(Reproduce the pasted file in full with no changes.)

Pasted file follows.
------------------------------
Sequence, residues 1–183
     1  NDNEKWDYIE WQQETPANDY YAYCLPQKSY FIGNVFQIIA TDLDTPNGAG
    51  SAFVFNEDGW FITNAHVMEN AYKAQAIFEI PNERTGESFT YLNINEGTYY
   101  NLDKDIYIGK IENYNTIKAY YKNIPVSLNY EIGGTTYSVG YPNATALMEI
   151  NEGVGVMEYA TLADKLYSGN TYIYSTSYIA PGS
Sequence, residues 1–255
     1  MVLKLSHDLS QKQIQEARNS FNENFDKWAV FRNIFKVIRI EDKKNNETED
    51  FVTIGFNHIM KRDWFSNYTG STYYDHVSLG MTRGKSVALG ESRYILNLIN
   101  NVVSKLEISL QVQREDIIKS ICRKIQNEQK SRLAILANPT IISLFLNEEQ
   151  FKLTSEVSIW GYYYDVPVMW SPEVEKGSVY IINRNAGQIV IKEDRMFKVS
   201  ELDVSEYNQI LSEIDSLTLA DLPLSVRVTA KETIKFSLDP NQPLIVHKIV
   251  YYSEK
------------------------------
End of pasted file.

Sequence, residues 1–183
     1  NDNEKWDYIE WQQETPANDY YAYCLPQKSY FIGNVFQIIA TDLDTPNGAG
    51  SAFVFNEDGW FITNAHVMEN AYKAQAIFEI PNERTGESFT YLNINEGTYY
   101  NLDKDIYIGK IENYNTIKAY YKNIPVSLNY EIGGTTYSVG YPNATALMEI
   151  NEGVGVMEYA TLADKLYSGN TYIYSTSYIA PGS
Sequence, residues 1–255
     1  MVLKLSHDLS QKQIQEARNS FNENFDKWAV FRNIFKVIRI EDKKNNETED
    51  FVTIGFNHIM KRDWFSNYTG STYYDHVSLG MTRGKSVALG ESRYILNLIN
   101  NVVSKLEISL QVQREDIIKS ICRKIQNEQK SRLAILANPT IISLFLNEEQ
   151  FKLTSEVSIW GYYYDVPVMW SPEVEKGSVY IINRNAGQIV IKEDRMFKVS
   201  ELDVSEYNQI LSEIDSLTLA DLPLSVRVTA KETIKFSLDP NQPLIVHKIV
   251  YYSEK